Cambodia silences another voice of democracy

In recent years, Prime Minister Hun Sen has steadily closed the main independent news organizations in Cambodia: print, broadcast, domestic and foreign. He has used the criminal justice system to pressure journalists and restrict press freedom while expanding censorship. On Feb. 13, he abruptly switched off one of the nation’s last remaining online outlets, the Voice of Democracy. Police arrived at its offices, and its license was revoked.

An online and radio broadcast news outlet run by the Cambodian Center for Independent Media, the Voice of Democracy has lived up to its name. Among other things, it fearlessly exposed a harrowing human trafficking scandal in Cambodia and probed how it was used to support online financial fraud centers with global reach. The Voice of Democracy says it has helped the center fulfill its mission to “promote democratic governance, human rights, the development of all economic sectors, and an independent and sustainable environment for media.” Now it is another casualty of Mr. Hun Sen’s authoritarian impulses.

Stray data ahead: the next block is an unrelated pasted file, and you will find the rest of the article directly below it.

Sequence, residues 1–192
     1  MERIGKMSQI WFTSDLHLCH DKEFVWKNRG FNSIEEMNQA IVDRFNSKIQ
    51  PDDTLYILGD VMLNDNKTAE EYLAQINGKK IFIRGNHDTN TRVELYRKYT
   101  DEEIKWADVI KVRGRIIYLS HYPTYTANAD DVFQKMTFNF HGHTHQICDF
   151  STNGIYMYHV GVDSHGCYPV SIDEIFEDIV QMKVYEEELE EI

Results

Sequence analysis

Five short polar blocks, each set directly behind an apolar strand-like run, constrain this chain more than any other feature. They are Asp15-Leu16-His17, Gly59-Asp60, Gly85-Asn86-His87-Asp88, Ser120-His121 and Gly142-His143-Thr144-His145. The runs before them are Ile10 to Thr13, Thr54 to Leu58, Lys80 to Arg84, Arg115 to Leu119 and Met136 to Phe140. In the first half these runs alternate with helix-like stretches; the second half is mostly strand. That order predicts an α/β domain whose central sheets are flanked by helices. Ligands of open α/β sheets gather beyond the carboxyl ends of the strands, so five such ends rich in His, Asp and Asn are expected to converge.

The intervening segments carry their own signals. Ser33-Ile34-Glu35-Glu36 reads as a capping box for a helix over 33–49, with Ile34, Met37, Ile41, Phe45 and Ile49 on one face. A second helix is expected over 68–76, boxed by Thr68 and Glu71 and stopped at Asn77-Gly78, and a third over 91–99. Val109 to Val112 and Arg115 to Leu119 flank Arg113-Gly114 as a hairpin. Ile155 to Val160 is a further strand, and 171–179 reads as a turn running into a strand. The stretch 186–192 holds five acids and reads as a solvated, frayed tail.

The given reason for the closure was a Voice of Democracy report on Feb. 9 that Mr. Hun Sen’s son Hun Manet had signed an aid agreement to donate $100,000 to Turkey for earthquake relief. This was an apparent overstep of his authority. Mr. Hun Manet is deputy commander in chief of the Cambodian army, but such a package was supposed to be signed off by the prime minister. Mr. Hun Sen said the report damaged his government’s reputation. He is reportedly grooming Mr. Hun Manet to take over someday. The outlet’s owner, the media center, said it had been quoting a government spokesman and regretted the confusion.

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